Lust For Life - A short interview
08/03/2017, Stef COLDHEART
Ambassador21 recently celebrated their 15th Anniversary. Natatasha A Twentyone and Alexey Protasov have both been terrorizing industrial audiences since 2001 and have released a number of important productions. Most of their work has been self-released on their own label Invasion Wreck Chords. “Human Rage” is the newest opus from the Belarus band and is a new mix of industrial hardcore, punk, power-noise and other related genres.
Last year Ambassador21 celebrated its 15th anniversary! What comes into mind evoking this anniversary?
We survived. We enjoyed. We did so many things, met so many people and visited so many places. We will do it more.
The anniversary has been celebrated by the new album “Human Rage”. What kind of album is “Human Rage” all about?
This album probably is the most conceptual and solid work we have ever released. “Human Rage” is about religion and terrorism. It could be nice to make an album about happiness, we are not joking, but unfortunately during the work on “Human Rage” – from the idea to release – we didn’t get a chance to be relaxed with all these disgusting things, which happened nearly every day. Paris, Brussels, Copenhagen, Kabul, Aleppo, Nice, Mosul, Orlando, Gaza, Istanbul... Track “Fear Level Red” was written the day after Charlie Hebdo attack in Paris but “Human Rage” is not about hatred, it’s about lust for life. Our best album ever.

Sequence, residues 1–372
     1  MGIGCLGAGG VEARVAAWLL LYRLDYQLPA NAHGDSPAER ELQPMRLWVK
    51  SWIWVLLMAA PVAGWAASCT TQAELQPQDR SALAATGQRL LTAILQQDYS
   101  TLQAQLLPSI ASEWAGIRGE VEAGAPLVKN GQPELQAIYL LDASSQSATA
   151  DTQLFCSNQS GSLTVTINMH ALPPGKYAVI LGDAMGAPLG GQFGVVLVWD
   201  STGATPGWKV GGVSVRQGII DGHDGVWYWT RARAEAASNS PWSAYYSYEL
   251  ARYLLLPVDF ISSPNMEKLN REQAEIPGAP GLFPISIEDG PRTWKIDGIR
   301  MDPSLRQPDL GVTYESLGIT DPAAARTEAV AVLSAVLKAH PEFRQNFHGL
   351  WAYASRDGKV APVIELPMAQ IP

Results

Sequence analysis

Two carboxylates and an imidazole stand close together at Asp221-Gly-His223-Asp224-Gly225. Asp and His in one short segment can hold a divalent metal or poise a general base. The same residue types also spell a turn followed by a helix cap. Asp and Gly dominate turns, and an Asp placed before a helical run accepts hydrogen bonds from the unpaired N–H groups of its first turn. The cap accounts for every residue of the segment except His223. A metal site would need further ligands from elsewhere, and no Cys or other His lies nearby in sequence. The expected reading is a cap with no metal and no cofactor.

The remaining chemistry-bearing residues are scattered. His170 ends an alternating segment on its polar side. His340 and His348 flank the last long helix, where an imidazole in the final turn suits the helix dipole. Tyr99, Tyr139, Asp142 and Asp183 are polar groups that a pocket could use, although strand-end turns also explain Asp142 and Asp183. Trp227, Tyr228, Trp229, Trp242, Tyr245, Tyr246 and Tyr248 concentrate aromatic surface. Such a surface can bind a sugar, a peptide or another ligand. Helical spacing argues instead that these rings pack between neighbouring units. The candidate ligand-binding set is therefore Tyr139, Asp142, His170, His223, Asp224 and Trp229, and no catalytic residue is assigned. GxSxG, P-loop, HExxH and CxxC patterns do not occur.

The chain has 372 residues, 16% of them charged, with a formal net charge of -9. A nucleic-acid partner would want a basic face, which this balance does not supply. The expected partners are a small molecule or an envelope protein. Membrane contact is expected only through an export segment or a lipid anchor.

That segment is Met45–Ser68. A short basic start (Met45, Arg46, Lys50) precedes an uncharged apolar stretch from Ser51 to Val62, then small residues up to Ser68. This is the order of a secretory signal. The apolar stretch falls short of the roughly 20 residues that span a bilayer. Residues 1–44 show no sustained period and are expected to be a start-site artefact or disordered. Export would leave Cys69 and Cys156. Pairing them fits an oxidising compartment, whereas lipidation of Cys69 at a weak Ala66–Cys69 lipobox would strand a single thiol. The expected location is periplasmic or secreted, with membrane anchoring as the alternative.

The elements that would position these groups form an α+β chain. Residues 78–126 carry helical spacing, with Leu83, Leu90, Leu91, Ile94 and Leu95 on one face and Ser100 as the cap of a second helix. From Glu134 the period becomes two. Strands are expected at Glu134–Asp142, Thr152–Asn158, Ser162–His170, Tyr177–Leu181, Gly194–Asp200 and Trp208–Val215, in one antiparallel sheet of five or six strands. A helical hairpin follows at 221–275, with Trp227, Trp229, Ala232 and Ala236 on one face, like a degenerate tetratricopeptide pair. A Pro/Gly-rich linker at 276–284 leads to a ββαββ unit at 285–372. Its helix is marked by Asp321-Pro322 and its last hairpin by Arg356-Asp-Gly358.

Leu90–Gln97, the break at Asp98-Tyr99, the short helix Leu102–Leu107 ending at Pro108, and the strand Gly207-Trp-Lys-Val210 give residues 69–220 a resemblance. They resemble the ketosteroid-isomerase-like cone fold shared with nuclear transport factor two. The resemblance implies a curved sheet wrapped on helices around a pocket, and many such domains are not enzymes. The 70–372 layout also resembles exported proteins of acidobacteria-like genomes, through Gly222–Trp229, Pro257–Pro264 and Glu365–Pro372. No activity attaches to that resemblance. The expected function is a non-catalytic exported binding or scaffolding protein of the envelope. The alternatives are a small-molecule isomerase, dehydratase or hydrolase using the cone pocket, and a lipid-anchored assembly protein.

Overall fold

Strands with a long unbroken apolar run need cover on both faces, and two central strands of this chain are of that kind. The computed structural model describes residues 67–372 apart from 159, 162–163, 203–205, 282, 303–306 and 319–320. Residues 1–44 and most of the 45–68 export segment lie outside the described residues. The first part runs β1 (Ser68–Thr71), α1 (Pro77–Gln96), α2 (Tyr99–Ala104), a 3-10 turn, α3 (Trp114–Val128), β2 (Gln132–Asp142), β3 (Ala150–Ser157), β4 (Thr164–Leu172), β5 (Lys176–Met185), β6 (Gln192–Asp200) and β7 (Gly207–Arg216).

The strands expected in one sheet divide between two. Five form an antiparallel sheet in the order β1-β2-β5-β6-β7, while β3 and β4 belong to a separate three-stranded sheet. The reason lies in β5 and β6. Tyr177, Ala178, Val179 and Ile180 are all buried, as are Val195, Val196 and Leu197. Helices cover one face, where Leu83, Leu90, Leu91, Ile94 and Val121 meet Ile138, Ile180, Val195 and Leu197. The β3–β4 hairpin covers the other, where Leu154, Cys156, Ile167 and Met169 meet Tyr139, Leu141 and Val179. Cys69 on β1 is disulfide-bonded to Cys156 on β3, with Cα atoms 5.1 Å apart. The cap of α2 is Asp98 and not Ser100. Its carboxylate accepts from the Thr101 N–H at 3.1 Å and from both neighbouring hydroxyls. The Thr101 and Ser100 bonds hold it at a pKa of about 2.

You introduced the album as ‘a martial dance in the name of life’. Can you give us more details about this quote?
Life is wonderful and highly valuable. It must be protected.
The title song of the album took me by surprise, as if revealing a ‘softer’, but efficient and well-crafted side of the band. Tell us a bit more about this song and its approach?
This song is not soft, it’s harder than many other songs on this album. We are not speaking about instruments or tempo, which are just tools to reach an aim. The attitude makes the song harder or softer, not just the sounds, synths or whatever. The hardness of the music is not possible to measure with distortion, BPM or ‘crazy’ screams. We don’t make ‘crazy’ music.
I always experienced your sound as something different, a kind of anarchistic sound without compromises! Where does that come from?
From life - how we feel it, how we love it, how we are ready to defend it.
How do you usually proceed to compose your songs?
Maybe, as somebody else does – it’s a long and complicated working process, which could bring a great or not so great result ;-)
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